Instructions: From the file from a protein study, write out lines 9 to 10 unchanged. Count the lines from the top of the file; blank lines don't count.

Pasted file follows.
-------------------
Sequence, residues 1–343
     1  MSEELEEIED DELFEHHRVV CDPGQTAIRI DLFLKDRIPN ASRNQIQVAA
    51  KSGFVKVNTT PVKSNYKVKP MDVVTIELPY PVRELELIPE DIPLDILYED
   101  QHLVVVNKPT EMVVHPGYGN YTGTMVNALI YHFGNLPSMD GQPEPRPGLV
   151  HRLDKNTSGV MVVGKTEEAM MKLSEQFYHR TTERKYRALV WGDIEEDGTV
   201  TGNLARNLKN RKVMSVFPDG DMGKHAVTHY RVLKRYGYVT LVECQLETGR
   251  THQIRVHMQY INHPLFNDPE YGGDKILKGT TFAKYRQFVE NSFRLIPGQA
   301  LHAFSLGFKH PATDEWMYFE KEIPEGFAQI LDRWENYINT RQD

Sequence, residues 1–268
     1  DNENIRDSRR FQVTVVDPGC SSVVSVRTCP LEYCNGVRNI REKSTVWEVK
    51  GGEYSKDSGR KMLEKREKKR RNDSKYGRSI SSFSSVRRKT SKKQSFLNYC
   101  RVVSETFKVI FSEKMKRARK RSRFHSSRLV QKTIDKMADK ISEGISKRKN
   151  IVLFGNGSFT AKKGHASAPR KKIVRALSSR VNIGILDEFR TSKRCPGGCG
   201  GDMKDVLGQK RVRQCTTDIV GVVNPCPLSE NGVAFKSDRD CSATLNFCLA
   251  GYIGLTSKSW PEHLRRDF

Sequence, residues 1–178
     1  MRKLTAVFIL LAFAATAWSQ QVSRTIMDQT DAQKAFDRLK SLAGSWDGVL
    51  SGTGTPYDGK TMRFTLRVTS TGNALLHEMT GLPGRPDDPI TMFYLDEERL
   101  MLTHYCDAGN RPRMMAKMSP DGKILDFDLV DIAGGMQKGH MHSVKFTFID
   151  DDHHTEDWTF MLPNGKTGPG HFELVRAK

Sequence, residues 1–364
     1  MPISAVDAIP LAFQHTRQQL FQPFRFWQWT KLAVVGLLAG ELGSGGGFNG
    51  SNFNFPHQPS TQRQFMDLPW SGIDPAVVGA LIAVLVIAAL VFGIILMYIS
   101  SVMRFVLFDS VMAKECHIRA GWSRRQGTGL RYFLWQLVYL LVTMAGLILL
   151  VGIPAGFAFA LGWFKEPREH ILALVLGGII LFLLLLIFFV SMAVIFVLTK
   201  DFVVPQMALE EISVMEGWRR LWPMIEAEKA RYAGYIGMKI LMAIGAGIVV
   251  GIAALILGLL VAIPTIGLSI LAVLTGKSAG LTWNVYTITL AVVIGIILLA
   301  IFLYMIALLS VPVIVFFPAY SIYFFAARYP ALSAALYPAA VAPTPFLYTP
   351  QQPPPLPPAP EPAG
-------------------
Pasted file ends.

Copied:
Sequence, residues 1–268
     1  DNENIRDSRR FQVTVVDPGC SSVVSVRTCP LEYCNGVRNI REKSTVWEVK